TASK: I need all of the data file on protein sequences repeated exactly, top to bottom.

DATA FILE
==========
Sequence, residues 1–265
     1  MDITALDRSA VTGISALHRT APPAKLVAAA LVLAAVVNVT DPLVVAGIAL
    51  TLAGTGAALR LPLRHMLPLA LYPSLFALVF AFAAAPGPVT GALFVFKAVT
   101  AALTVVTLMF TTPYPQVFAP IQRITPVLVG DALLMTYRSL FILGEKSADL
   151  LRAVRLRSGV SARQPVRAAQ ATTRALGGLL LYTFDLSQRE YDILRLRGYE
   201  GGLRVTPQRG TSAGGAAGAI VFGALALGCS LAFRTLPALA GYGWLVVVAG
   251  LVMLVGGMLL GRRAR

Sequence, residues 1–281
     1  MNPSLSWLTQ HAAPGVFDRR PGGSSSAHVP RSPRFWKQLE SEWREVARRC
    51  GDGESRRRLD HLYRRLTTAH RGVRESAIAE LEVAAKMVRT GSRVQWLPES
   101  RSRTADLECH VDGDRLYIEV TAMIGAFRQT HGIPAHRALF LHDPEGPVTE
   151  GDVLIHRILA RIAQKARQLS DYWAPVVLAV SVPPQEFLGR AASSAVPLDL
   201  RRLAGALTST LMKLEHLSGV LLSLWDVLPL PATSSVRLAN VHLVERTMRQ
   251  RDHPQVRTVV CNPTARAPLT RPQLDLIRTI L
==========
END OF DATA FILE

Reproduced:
Sequence, residues 1–265
     1  MDITALDRSA VTGISALHRT APPAKLVAAA LVLAAVVNVT DPLVVAGIAL
    51  TLAGTGAALR LPLRHMLPLA LYPSLFALVF AFAAAPGPVT GALFVFKAVT
   101  AALTVVTLMF TTPYPQVFAP IQRITPVLVG DALLMTYRSL FILGEKSADL
   151  LRAVRLRSGV SARQPVRAAQ ATTRALGGLL LYTFDLSQRE YDILRLRGYE
   201  GGLRVTPQRG TSAGGAAGAI VFGALALGCS LAFRTLPALA GYGWLVVVAG
   251  LVMLVGGMLL GRRAR

Sequence, residues 1–281
     1  MNPSLSWLTQ HAAPGVFDRR PGGSSSAHVP RSPRFWKQLE SEWREVARRC
    51  GDGESRRRLD HLYRRLTTAH RGVRESAIAE LEVAAKMVRT GSRVQWLPES
   101  RSRTADLECH VDGDRLYIEV TAMIGAFRQT HGIPAHRALF LHDPEGPVTE
   151  GDVLIHRILA RIAQKARQLS DYWAPVVLAV SVPPQEFLGR AASSAVPLDL
   201  RRLAGALTST LMKLEHLSGV LLSLWDVLPL PATSSVRLAN VHLVERTMRQ
   251  RDHPQVRTVV CNPTARAPLT RPQLDLIRTI L